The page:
It's the month of September, and many are going back to school! Whether its your first day of class, or your coming back as an upperclassman it’s a chance to approach something from a new perspective.
I thought this week would be a good chance to think about going back to school and going back to basics. There are two things that come to mind with that; support and monitoring of storage.
When it comes to support, one thing we can always check on is the ‘Call Home’ status of the storage system. In case you didn't know, the IBM Storage systems have the ability to connect back to IBM Support using the [Call Home] function that’s part of the solution.
When Call Home identifies a potential problem, it notifies the administrator and IBM Support of the issue and transmits diagnostic data about the problem to the IBM Support Center.
Depending on your IBM Storage platform, from the IBM Spectrum Virtualize / Storwize platform to the IBM DS8000, to the IBM FlashSystem family, you can find out how to [enable Call Home here]. It’s a good time of year just to check to make sure Call Home is working and enabled for your Storage solution.
As for monitoring, did you know that [IBM Storage Insights] is available for IBM Storage solutions? IBM Storage Insights provides an excellent level of visibility across your entire storage environment from performance to support needs, as you can see in this [guided tour].
There are [two editions] of the tool, but they only require one data collector.
IBM Storage Insights also streamlines your interaction with IBM support. It leverages the Call Home features of the system as well as provides a data collector, automatic support for log uploading, and easy ticket creation and management. IBM support staff use read-only access to diagnostic information about monitored storage systems to proactively help resolve problems and provide recommendations.
If you need more information around the security protocols in place for IBM Storage Insights, you can leverage the ['Storage Insights Security Guide'].
You can start using IBM Storage Insights today! It will change how you look at your Storage environment and how you engage with IBM Support. If you want to learn even more about IBM Storage Insights,
Call Home support or really any topic when it comes to IBM Systems, IBM TechU is continuing this fall and you can attend one of the [IBM Systems Technical University]. events we have coming up in Bogota, Las Vegas, Sydney, Prague, and Bali.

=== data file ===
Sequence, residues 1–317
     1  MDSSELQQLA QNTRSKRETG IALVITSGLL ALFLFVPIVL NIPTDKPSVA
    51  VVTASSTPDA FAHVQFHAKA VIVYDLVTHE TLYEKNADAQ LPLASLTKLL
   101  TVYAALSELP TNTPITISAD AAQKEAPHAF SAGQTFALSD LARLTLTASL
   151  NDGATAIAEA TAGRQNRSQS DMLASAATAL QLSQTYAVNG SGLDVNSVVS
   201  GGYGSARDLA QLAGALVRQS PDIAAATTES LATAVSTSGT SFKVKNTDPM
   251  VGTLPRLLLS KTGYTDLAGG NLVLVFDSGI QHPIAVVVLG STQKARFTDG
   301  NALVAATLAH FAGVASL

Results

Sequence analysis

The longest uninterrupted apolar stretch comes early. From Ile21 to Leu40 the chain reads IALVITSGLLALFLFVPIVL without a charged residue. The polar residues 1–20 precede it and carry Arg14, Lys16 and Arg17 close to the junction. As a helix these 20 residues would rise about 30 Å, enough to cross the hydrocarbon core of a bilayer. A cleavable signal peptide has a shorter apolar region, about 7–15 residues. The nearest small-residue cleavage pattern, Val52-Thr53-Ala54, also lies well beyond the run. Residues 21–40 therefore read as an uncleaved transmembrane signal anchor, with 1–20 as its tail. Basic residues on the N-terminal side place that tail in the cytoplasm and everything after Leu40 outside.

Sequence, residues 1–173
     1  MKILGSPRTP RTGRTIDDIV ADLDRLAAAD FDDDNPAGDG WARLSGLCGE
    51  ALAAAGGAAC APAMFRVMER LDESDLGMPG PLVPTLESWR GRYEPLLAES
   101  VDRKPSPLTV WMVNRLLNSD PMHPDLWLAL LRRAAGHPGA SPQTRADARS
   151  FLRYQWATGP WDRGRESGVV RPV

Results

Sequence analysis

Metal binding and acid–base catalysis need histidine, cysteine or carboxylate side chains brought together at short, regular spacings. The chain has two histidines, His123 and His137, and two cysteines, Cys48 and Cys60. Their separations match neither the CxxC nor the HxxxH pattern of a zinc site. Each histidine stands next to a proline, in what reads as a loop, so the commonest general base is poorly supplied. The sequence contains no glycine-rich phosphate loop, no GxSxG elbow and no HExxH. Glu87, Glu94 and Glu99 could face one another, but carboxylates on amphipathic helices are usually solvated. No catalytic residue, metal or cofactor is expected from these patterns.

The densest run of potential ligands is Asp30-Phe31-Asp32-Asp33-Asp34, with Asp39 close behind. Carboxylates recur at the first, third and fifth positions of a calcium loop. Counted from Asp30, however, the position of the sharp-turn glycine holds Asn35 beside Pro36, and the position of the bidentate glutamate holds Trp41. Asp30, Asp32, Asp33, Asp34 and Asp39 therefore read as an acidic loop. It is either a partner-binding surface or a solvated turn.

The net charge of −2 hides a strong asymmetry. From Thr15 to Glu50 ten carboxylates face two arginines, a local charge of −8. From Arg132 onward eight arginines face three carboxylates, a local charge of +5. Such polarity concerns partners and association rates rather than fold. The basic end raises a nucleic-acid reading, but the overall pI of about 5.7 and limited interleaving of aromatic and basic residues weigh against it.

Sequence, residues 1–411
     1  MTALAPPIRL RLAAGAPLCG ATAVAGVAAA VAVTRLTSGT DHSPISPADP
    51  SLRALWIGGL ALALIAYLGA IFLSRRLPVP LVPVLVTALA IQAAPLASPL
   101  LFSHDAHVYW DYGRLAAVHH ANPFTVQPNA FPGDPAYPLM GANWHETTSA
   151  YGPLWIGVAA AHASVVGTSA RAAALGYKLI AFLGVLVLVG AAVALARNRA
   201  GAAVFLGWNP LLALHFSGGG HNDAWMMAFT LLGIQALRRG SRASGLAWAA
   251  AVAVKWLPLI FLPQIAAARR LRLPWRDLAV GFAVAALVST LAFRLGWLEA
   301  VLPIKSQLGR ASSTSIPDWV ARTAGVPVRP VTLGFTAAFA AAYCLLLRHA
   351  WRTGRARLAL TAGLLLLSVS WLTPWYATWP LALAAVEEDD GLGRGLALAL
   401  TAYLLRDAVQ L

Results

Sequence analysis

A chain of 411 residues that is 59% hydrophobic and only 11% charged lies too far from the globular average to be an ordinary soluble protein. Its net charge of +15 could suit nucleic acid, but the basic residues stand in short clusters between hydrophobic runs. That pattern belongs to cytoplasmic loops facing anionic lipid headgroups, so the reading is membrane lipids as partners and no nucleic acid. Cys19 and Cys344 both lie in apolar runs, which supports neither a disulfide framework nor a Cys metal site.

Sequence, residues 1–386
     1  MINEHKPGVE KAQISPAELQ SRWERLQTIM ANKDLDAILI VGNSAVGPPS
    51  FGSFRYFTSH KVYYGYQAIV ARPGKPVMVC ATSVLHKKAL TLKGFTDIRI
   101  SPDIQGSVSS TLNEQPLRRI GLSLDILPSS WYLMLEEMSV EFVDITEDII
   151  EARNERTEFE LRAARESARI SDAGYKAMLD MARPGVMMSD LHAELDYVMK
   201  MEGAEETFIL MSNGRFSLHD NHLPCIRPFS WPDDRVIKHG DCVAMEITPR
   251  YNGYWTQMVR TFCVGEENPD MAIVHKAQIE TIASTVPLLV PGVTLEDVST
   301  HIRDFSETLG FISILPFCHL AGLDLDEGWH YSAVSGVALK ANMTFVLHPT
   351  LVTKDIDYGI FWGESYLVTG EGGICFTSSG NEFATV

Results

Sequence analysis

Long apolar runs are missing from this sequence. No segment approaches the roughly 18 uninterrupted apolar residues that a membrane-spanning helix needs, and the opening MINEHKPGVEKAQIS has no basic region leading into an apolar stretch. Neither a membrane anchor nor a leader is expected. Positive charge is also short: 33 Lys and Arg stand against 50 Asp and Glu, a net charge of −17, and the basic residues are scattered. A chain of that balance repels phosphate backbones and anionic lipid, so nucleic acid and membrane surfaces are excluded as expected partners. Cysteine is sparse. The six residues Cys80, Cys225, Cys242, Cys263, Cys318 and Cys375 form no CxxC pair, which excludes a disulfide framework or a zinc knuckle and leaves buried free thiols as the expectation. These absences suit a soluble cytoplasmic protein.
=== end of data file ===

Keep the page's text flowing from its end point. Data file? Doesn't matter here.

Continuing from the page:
Earlier this month, at the SHARE conference in Pittsburgh, my predecessor, Glenn Anderson, received the John R. Ehrman award for sustained excellence in Training Education. John Ehrman was "the father of High Level Assembler (HL-ASM)" which is still used today.
Here is SHARE president, Jason Bastin (left), with Glenn Anderson (right).
Here is a close-up picture of the award itself.
For the past 18 years, Glenn was the Content Manager for IBM Z and LinuxONE at IBM Systems Technical University (TechU) events. He also was active at SHARE and other Z-related events.
But managing IBM Z and LinuxONE content was not all he did. Several years ago, Glenn also launched "Leadership and Professional Development" track at TechU. This track helped IT leaders, and those aspiring to become leaders, to learn technical direction to implement projects from proof-of-concept into production. He also included soft skills, such as how to be a better public speaker, how to lead projects, or how to run meetings better.
After retiring from IBM last December, he has launched his own public speaking practice, and has spoken at a variety of events. Check out his website [Glenn Anderson The Performance Catalyst Speaker].
Next month, [NewEra Software] starts a monthly webcast featuring Glenn called "Up your game".
Glenn has been an excellent mentor to me, as I take over his responsibilities at IBM TechU events, and I am glad he is doing well in retirement!
Last week marked the 50th anniversary of landing a human on the moon. Over 4,000 IBM employees were involved. So much has been written about this, that I thought it would be better to point you to some articles and interviews I found of interest.
(While most people focus on the single day, July 20, when Neil Armstrong and Edwin "Buzz" Aldrin stepped foot on the moon, the entire journey lasted a week, from take off July 16, to splash down on July 24.)
The [Apollo missions were highlighted during IBM's Centennial Anniversary] in 2011. Here is an excerpt:
"The Real-Time Computer Complex (RTCC) in Houston, Texas, was an IBM computing and data processing system at NASA’s Manned Spacecraft Center—now called the Lyndon B. Johnson Space Center—that collected, processed and sent to Mission Control information to direct every phase of an Apollo mission. The RTCC was so fast, there was virtually no time between receiving and solving a computing problem. Initially, IBM 7094-11 computers were used in the RTCC. Later, IBM System/360 Model 75J mainframes, and peripheral storage and processing equipment were used."